To be able to program in ColdFusion, a ColdFusion server needs to be installed. There are a couple of options available, but the one that we are going to focus on is a local development server.

A local development server is free and allows you to develop ColdFusion applications that use all of ColdFusion’s available features. There are, however, a few limitations, such as not being able to use the server as an external web server. That being said, there are additional benefits to using a local ColdFusion development server, such as not needing to have IIS or Apache installed, but instead using the packaged web server.

To install ColdFusion, follow the steps below:

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learncfinaweek / gist:4121009
Created Nov 20, 2012
Basics - Setting Variables
View gist:4121009

Programming is all about doing stuff to things. Generally, the stuff is the execution of a process or algorithm and the things are information or data.

An algorithm is just a fancy name for a series of steps, like tying your shoelaces. Information or data is just values. Your name is a piece of information and so is your birth date. Since it's shorter, in this chapter we'll use the word data to describe a piece of information.

In ColdFusion, data is held in variables. Think of a variable like a mailbox. You can stuff things like letters and packages into a mailbox and get them out later to do stuff. ColdFusion makes storing information very easy because it's a loosely typed Language. You can stick any kind of data into a ColdFusion variable without having to tell ColdFusion what kind of data it is.

View gist:4121356

As you write more and larger ColdFusion applications, you will start looking for ways to improve the performance of your applications. There are many ways to do this, but perhaps the easiest is to use ColdFusion's caching mechanisms to reduce the amount of work your application has to do over and over. Caching simply refers to the idea that you create a piece of content or data once and hold it in application memory for some period of time. During that time frame, any part of your application that needs that content or data uses the copy that was previously generated rather than regenerating it.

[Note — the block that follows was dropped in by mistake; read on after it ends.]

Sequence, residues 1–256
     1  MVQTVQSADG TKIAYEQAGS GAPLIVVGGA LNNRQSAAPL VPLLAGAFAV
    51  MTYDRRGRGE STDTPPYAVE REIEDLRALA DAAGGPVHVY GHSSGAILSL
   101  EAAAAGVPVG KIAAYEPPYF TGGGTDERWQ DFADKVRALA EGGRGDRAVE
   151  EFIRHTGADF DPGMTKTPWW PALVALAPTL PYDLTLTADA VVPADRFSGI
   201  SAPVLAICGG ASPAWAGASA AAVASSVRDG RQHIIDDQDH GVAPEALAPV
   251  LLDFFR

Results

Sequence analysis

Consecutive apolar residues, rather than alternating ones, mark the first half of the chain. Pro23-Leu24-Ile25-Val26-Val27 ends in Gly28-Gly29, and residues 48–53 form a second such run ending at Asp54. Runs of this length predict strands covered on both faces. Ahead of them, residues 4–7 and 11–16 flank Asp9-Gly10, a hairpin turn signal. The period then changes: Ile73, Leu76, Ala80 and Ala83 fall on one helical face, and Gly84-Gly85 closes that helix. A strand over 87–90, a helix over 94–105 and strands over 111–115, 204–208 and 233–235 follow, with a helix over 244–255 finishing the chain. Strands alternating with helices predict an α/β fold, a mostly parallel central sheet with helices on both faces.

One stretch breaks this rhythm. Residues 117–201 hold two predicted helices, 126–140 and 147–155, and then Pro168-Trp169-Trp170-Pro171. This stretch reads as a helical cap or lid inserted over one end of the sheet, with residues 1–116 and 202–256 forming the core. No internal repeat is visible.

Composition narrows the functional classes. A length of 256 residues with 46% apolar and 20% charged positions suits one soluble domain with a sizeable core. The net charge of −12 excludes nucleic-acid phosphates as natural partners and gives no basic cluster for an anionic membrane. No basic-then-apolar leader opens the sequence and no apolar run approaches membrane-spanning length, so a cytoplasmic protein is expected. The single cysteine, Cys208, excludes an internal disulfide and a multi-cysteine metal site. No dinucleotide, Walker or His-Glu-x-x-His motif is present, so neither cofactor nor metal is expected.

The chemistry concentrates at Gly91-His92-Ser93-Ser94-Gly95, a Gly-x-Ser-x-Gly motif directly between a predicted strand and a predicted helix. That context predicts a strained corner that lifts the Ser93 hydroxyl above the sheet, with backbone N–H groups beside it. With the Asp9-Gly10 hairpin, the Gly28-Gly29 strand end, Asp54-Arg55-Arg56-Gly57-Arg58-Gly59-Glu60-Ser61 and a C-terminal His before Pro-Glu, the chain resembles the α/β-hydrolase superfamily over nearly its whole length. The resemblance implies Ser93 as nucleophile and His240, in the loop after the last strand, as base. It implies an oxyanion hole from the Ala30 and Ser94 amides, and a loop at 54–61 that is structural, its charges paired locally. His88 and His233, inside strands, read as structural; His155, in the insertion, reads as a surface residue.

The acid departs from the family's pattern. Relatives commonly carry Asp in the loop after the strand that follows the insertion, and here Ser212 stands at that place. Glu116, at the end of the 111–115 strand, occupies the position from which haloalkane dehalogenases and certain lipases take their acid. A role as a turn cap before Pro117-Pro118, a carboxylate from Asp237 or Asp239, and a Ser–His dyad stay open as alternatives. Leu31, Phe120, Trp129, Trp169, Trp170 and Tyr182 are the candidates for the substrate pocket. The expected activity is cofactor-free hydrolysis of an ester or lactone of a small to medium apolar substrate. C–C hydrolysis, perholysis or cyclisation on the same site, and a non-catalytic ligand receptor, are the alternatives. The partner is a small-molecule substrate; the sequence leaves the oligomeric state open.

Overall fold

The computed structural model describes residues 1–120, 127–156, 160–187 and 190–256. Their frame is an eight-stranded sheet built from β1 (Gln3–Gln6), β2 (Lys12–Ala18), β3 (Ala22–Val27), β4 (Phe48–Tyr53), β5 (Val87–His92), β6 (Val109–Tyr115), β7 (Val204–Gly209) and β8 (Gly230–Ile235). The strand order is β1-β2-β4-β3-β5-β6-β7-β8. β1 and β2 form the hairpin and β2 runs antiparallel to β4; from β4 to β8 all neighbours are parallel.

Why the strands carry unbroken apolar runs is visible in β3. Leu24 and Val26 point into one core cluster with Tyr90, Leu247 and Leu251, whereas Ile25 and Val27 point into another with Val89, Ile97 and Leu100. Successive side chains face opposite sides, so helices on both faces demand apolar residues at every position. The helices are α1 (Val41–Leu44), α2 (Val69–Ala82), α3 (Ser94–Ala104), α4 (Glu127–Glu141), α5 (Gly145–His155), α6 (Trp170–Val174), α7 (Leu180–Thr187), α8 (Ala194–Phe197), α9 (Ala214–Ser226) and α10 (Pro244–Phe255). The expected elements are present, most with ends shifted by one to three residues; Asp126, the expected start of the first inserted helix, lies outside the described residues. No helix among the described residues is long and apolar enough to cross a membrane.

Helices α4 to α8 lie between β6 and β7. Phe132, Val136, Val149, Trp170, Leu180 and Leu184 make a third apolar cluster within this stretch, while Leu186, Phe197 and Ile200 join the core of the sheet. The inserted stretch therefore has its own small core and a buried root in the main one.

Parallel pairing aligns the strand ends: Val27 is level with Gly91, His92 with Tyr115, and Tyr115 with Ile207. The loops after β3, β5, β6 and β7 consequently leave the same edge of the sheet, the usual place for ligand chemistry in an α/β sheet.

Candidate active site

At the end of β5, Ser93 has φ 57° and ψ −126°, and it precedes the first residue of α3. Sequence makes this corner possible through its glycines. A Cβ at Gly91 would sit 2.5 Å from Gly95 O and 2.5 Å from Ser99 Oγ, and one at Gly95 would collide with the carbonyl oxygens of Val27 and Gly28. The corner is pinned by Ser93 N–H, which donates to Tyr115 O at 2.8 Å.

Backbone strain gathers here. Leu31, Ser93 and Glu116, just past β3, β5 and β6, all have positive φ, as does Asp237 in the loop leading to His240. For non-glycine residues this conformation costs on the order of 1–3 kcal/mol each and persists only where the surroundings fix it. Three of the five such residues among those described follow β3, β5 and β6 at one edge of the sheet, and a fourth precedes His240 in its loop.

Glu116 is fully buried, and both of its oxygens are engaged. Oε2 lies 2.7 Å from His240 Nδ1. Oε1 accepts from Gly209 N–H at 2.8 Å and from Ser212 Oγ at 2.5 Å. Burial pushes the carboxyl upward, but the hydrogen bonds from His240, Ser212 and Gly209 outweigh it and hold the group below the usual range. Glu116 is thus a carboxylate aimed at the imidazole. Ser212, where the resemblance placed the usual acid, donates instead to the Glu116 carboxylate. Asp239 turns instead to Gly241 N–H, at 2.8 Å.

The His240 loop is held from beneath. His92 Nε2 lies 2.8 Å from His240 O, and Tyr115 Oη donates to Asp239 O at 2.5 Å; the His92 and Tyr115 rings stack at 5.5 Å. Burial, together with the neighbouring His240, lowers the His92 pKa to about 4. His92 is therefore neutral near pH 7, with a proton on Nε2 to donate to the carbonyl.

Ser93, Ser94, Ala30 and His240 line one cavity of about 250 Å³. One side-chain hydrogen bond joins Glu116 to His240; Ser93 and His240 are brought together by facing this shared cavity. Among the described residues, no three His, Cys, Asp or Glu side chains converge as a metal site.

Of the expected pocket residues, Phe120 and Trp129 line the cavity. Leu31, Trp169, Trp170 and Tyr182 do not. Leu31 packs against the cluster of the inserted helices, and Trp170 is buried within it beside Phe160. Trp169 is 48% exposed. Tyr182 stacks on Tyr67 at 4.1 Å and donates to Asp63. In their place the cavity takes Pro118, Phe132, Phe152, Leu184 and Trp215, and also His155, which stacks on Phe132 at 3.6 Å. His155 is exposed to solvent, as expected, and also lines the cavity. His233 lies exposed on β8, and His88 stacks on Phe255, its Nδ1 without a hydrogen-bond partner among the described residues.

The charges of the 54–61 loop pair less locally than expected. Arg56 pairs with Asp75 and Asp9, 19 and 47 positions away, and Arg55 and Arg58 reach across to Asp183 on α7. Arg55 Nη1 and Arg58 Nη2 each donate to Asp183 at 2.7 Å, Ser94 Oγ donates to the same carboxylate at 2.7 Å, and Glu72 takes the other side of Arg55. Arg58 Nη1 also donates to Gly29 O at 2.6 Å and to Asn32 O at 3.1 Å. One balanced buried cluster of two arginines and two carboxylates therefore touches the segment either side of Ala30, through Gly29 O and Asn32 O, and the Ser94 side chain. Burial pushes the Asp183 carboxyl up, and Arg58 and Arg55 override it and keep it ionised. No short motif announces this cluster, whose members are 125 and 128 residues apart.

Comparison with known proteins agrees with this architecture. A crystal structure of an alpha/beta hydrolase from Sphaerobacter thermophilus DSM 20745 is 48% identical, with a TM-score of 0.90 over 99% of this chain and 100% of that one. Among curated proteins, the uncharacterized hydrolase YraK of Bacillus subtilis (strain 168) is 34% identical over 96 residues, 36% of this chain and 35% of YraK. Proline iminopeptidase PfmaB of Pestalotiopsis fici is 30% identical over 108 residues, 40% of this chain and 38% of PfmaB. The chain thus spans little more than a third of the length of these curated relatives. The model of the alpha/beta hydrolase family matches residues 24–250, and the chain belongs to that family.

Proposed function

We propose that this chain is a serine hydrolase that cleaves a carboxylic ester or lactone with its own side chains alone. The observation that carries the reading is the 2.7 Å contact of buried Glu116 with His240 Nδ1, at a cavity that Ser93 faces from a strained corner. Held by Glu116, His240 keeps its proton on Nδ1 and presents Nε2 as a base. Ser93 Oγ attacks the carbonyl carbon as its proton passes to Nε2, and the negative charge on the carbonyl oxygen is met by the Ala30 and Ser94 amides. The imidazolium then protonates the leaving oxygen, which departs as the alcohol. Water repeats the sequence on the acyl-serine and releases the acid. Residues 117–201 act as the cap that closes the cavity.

ColdFusion has several different caching mechanisms built in, but they generally fall into two main categories--programmatic caching and application server caching.

Programmatic Caching

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learncfinaweek / gist:4121390
Created Nov 20, 2012
Security - Secure Password Storage
View gist:4121390

The ARTISTS table in the cfartgallery datasource used for examples is an excellent example of how NOT to store passwords. First, they are stored in clear text and the column is limited to only 8 characters.

ARTISTID
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learncfinaweek / gist:4121370
Created Nov 20, 2012
Security - Cross-Site Scripting (XSS)
View gist:4121370

Cross-site Scripting (XSS) is the most prevalent web application security flaw and occurs when user supplied data is sent to the browser without properly validating or escaping that content. XSS flaws can allow the attacker to:

View gist:4121127

Dealing with XML in ColdFusion is fairly straightforward. ColdFusion provides many built-in functions for doing all sorts of XML based operations. Some of those functions provide streamlined access to create, read, and search an xml document. You can also validate XML data against a DTD or schema and transform XML using XSLT.

Reading an XML Document